Best Of 2019

Best Show of Artistic Force: "Terracotta Army: Legacy of the First Emperor of China" at the Cincinnati Art Museum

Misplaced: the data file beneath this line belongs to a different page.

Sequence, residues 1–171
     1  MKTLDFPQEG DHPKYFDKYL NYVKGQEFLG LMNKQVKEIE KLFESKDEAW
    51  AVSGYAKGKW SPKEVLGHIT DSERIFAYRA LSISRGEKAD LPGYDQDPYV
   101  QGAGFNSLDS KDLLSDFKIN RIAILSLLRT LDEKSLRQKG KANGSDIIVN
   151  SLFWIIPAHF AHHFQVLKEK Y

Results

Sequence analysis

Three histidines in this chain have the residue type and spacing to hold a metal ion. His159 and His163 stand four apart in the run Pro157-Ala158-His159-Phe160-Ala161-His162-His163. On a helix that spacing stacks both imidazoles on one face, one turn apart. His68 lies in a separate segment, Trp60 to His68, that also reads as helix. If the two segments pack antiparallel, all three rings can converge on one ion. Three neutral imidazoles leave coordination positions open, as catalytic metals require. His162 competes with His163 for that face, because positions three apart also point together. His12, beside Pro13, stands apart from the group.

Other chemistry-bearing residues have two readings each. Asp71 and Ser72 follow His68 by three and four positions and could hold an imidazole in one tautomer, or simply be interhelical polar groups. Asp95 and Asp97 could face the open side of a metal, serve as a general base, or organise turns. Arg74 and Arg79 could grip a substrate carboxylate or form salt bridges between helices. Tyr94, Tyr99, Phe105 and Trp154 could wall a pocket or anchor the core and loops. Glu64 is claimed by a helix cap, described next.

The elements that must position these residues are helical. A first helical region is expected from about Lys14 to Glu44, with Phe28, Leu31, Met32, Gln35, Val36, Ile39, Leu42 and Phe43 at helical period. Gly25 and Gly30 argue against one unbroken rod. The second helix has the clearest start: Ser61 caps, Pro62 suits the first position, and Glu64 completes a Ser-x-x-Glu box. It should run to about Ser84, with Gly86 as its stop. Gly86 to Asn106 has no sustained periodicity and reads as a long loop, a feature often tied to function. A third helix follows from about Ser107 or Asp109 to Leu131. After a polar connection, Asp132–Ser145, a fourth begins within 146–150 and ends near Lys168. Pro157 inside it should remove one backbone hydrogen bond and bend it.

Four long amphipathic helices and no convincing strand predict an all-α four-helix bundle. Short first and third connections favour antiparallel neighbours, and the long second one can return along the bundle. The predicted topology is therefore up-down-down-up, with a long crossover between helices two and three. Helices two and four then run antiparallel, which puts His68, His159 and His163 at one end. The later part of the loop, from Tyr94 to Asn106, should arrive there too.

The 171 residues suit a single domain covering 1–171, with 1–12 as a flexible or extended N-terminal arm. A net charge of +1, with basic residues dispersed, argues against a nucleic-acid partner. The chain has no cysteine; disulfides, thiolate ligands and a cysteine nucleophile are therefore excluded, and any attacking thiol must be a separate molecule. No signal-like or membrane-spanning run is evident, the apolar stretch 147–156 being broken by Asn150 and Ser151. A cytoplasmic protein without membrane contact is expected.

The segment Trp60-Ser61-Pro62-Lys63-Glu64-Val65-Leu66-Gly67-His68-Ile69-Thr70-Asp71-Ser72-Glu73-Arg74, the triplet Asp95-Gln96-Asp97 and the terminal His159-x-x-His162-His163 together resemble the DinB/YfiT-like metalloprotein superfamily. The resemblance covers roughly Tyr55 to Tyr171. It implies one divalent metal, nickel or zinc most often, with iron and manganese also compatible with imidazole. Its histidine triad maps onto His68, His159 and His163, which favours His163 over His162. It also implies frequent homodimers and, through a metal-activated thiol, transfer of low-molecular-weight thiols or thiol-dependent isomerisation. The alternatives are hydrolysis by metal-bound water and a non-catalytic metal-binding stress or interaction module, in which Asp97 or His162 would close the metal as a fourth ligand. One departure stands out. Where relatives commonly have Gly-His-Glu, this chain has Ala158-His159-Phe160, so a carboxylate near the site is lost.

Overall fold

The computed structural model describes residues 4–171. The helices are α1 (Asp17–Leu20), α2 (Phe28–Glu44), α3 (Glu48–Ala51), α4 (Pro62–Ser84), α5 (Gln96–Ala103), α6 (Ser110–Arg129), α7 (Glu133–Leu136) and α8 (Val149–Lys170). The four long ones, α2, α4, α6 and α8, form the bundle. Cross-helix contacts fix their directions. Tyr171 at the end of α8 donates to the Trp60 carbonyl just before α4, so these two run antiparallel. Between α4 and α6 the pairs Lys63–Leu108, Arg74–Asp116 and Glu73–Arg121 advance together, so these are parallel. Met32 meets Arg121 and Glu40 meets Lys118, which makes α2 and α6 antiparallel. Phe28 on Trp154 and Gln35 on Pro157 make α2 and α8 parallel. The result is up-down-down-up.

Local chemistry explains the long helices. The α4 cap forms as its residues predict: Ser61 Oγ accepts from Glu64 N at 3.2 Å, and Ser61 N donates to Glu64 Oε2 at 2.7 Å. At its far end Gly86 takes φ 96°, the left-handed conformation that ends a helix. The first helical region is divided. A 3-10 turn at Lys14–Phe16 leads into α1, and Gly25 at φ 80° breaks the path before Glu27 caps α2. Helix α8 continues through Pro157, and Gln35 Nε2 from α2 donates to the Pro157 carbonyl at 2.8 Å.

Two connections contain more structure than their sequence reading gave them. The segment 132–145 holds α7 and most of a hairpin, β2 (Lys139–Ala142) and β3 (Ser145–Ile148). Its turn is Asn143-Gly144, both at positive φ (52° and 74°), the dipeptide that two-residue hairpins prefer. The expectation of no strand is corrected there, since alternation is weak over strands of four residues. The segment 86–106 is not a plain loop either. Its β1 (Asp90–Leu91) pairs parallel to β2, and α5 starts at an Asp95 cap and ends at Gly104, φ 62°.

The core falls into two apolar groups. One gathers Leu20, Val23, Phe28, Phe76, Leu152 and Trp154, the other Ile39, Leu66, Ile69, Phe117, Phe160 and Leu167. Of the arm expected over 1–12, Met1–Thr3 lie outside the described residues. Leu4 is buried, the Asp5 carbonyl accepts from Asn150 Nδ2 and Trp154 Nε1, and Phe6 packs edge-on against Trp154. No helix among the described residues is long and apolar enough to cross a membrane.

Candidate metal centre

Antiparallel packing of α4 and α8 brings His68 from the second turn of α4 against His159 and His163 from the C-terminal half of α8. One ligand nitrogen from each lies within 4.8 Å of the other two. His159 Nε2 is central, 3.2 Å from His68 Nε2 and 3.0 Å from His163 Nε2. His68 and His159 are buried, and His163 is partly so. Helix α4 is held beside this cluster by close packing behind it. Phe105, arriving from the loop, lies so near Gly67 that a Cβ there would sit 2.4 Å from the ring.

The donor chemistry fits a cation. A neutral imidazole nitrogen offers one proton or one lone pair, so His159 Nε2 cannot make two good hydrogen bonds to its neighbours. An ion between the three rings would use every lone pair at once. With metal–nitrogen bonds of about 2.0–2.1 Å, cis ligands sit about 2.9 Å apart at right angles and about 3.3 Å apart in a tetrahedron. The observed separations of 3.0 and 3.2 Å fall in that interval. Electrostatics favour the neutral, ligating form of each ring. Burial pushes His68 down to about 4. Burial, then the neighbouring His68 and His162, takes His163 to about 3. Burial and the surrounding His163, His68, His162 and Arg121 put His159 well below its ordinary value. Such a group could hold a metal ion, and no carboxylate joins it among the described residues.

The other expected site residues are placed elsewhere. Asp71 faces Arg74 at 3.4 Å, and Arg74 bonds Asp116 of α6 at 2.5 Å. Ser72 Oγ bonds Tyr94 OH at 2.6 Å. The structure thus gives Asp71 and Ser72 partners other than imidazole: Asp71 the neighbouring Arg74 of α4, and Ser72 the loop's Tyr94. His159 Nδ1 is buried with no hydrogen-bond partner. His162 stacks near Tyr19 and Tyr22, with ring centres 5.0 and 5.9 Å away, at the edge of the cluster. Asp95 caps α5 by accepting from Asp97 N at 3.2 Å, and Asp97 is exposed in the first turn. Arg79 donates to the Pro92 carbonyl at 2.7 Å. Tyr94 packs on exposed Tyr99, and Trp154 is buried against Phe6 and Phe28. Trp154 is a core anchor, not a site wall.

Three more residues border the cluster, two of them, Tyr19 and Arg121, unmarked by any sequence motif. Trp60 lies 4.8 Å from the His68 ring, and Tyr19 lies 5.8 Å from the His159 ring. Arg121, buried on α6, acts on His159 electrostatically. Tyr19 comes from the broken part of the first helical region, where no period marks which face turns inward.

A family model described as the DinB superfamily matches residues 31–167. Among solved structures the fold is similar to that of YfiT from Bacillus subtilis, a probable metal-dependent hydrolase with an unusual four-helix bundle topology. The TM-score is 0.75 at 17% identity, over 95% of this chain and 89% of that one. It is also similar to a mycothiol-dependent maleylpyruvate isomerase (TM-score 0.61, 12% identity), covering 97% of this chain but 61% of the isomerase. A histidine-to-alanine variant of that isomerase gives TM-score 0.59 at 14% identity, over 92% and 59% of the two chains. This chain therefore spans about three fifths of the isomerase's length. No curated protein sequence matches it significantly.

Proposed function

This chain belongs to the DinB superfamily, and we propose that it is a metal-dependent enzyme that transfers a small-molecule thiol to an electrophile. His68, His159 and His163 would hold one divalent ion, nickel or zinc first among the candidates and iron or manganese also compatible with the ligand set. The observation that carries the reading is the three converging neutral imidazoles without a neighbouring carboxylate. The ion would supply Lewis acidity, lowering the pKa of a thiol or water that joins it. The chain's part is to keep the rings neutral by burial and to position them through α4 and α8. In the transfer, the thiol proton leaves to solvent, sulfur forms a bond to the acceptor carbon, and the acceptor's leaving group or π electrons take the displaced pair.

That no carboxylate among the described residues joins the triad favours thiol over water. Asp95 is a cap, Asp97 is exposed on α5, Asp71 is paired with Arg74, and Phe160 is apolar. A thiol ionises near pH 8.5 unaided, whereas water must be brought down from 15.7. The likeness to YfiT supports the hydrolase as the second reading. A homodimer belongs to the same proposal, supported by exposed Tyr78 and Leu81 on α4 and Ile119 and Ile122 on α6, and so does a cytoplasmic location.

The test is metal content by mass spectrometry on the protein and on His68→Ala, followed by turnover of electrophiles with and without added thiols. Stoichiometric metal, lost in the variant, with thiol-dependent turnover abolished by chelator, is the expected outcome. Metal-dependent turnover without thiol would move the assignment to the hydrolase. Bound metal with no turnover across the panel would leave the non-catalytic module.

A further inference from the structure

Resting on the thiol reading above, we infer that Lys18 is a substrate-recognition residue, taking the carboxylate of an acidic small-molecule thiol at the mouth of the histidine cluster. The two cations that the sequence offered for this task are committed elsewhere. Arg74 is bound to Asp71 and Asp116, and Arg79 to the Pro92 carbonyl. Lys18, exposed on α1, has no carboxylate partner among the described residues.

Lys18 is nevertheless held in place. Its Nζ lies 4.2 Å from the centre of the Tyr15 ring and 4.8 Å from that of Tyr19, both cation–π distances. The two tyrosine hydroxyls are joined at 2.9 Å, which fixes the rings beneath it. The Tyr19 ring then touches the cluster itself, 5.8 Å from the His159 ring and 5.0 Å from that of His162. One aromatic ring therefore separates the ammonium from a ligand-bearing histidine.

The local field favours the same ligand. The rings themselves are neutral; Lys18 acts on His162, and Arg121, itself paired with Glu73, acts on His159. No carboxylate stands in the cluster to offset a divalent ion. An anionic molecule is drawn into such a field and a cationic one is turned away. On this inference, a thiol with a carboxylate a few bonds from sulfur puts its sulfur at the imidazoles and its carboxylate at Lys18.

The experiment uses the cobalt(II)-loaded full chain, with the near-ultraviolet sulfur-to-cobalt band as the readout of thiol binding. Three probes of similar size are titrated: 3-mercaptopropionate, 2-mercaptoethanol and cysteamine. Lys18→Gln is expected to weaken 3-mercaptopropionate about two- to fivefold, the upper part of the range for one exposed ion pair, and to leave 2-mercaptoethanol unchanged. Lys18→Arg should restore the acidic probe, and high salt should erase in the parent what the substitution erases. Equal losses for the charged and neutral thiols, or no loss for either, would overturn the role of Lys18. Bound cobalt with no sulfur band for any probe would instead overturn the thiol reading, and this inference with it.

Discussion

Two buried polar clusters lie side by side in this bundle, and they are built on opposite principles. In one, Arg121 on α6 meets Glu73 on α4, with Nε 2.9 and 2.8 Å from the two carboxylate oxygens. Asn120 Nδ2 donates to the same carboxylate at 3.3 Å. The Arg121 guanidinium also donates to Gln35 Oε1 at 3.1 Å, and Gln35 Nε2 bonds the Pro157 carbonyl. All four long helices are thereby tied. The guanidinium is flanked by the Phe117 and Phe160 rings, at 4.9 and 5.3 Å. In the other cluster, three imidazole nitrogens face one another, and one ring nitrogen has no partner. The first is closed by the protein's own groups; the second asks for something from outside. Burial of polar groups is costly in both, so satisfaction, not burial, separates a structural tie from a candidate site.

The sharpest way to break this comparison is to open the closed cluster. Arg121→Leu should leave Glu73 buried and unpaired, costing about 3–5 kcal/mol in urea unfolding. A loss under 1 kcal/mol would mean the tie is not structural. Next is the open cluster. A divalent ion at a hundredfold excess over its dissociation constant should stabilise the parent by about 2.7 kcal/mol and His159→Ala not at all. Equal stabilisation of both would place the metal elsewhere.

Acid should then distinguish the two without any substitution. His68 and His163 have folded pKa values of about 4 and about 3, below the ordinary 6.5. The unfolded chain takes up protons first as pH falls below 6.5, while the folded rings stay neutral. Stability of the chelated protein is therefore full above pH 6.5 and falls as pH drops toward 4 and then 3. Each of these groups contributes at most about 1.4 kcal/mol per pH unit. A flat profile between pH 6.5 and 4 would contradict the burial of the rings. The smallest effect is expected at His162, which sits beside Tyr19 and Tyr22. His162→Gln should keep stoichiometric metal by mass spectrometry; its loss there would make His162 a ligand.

The Cincinnati Art Museum’s Terracotta Army: Legacy of the First Emperor of China drew in nearly 140,000 visitors — 91, 628 of which came specifically for the blockbuster ticketed exhibition. Those numbers mark Terracotta Army as the highest-attended exhibit to date since 1982’s Treasures From the Tower of London. It was such a hit that Listermann Brewing Company even dedicated a New England Red IPA to the exhibition, dubbed as an ale “fit for a warrior.” Ten life-size terracotta warrior figures from China’s Pre-Qin era (770-221 BC) and throughout the Qin dynasty filled the space, alongside more than 120 objects ranging from leather armor and gold works to ceramics, jade ornaments and more. The Terracotta Army — some 8,000 figures of humans and horses — is roughly 2,200 years old and is an amazing yet haunting human accomplishment. China’s first emperor, Qin Shi Huang, ordered them to be created to guard a vast mausoleum complex where his tomb would be, near the city of Xi’an in Shaanxi Province. It’s estimated some 720,000 workers spent almost 50 years building an underground city/necropolis. All the objects in this show came from Chinese art museums and archaeological institutes, and the exhibition’s overall aim was to chart “the birth of the Qin empire and cultural diversity in ancient China; the First Emperor and unified China; and the quest for immortality,” said the CAM. Cincinnati Art Museum, 953 Eden Park Drive, Mount Adams,